An Incident/ A Play by Anton Chekhov, translated by Constance Garnett

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BBC Radio 7, 25-26 January 2010
As part of the BBC's lavish celebration of 150 years of Chekhov's birth, Radio 7 broadcast five of his short stories read by Alistair McGowan. "An Incident" and "A Play" are apparently simple tales - "An Incident" records the experiences of two young children who happen upon a cat giving birth to kittens. They are so obsessed with the idea of caring for the kittens that they are even prepared to defy their parents' wishes. However their desires are frustrated when the dog Nero (note the classical name) eats the kittens whole. In "A Play" Chekhov records the frustrations experienced by most artists when they have to deal with talentless poetasters. Pavel Vasilyevich listens patiently to a middle aged woman reading out a melodrama of the most excruciating kind in which no cliche is left unturned, with all the grace of "a man condemned to be executed." Eventually Pavel becomes so exasperated that he beats the woman to death with a paperweight.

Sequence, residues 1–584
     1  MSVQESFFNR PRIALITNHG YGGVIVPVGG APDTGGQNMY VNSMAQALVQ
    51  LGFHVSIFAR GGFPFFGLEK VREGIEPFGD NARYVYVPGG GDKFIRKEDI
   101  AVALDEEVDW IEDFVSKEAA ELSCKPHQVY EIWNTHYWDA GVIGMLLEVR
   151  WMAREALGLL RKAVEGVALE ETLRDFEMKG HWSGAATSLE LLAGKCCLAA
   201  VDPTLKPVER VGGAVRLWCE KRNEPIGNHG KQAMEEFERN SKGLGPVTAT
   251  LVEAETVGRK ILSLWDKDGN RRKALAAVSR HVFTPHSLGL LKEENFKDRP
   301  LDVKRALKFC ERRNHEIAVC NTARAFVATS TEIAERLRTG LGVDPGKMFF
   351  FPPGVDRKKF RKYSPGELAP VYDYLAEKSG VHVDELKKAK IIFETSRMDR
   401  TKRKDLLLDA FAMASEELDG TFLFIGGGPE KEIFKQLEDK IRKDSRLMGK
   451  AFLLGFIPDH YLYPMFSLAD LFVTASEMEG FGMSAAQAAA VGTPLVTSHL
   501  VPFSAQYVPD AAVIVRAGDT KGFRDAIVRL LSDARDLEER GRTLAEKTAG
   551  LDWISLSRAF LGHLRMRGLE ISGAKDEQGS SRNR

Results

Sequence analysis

Both tales cover a range of emotions - innocence, tragedy and high farce (the playwright's beating the woman to death is seen as a merciful release from torment) - which is typical of Chekhov, in his desire to find a naturalistic form of expression. More importantly, Duncan Minshull's production underlined the importance of choosing the right actor to read these tales: McGowan made no attempt to over-dramatize the narrative, but used a deadpan tone, inviting listeners to make up their own mind as to exactly what Chekhov was trying to say. McGowan might appear on television as the man of many voices - an impressionist in the Mike Yarwood tradition. On radio, however, he has established his reputation as a serious actor, as well as a proficient storyteller (I remember his reading of The Canterville Ghost). I hope to hear more of his performances in the future.